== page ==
Hearing aids capture the world of sound for those of us who struggle to hear the whole sound picture. Without hearing aids or other assistive device many hard of hearing people would experience isolation and resulting depression, relationship struggles and more. Hearing aids connect people to people and to the world around us. The benefits are many, but many people do not know what to expect from a hearing aid and this blog will give you some pointers.

Should I expect perfect hearing from a hearing aid? Answer: No. Hearing aids do not correct hearing, nor are they a cure for hearing loss. Hearing aids “aid your hearing” they allow you to benefit from the hearing that you have left.

Will I be able to hear at the dinner table? Answer: Yes. For most hearing aid users listening to a conversation with a few people at the dinner table in their own home is no problem. This is also a good place to practice good communication strategies. (see blog for Communication Strategies).

Will I be able to hear in background noise? Answer: Yes and No. You should not expect to hear without effort even with hearing aids in noisy listening situations; even people with normal hearing will have to work harder to hear in noise. This is a challenging listening situation where many people find hearing aids fall short. However, modern hearing aids have special features to make it easier to communicate in noisy places. Most people should experience some improvement with hearing aids over no hearing aids at all in background noise (assuming hearing aids have the noise features). In addition there are other products on the market that can be used with a hearing aid to improve your ability to hear in noise called Assistive Listening Devices (ALD).

Will loud noises hurt my ears when I wear hearing aids? Answer: No. When you first start to wear hearing aids everything will seem too loud because the sounds in your environment are being heard as if for the first time again. It takes time for the brain to adjust to hearing again. And some sounds may even seem like noise at first until you learn to recognize the sounds correctly. Hearing aids that are programmed corrected for your measured hearing loss as well as your perceived loudness threshold will control loud sounds from being too loud for you. Hearing aids employ compression. Compression does what you might guess from the name; it “compresses” sounds to keep sound levels from reaching your uncomfortable level. This is just one of many ways your hearing aid is acting like a mini computer and “thinking” for your ears.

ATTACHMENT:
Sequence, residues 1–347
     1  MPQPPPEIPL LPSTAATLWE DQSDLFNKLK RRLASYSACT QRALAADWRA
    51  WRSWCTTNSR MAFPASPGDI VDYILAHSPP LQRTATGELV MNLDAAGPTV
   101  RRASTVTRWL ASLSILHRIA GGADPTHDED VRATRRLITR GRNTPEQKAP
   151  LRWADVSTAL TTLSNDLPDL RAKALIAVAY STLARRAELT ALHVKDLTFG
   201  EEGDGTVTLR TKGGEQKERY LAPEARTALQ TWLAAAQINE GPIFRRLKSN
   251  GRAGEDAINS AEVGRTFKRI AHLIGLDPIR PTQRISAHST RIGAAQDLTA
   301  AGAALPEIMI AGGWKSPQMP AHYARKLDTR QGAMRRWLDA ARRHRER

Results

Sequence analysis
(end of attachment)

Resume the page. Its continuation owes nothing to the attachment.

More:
Will my hearing aids be comfortable? Answer: Yes. It is reasonable to expect your hearing aids should be comfortable in your ears. If you have a hearing aid that is causing a sore spot it may need remade or it may need adjusted or perhaps you need some advice on the best way to put it in your ear.

Will I be able to adjust to hearing aids? Answer: Yes. It takes time to adjust to hearing aids, but it can be done. The brain has to be retrained and for some that can mean a month or so, for others it can mean several months or maybe a year of adjusting. The time it takes to adjust is call “acclimatization period” and it is different for everyone. There are ways to help. First, wear the prescribed hearing aid(s). If you were fit with two hearing aids, you need to wear both. Each ear sends information to the brain differently and the brain needs all the information to sort out the world of sounds around you. Secondly, wear your hearing aids all day. Just like getting used to glasses, dentures, jewelry or contact lenses, the more you wear it the more it seems like part of your body. Once you become used to wearing it, you will miss it when you don’t’ have it on. The same is true for hearing aids. Not only for the physical comfort but for auditory comfort. Follow the wear schedule that your audiologist recommends. Typically new users start at 8 hours/day and experienced users should be wearing their hearing aid all day (from breakfast to bedtime stories).

This information is brought to you by Dr. Yoder of HearWell Center. For more information about HearWell Center please visit our website www.hearwellcenter.com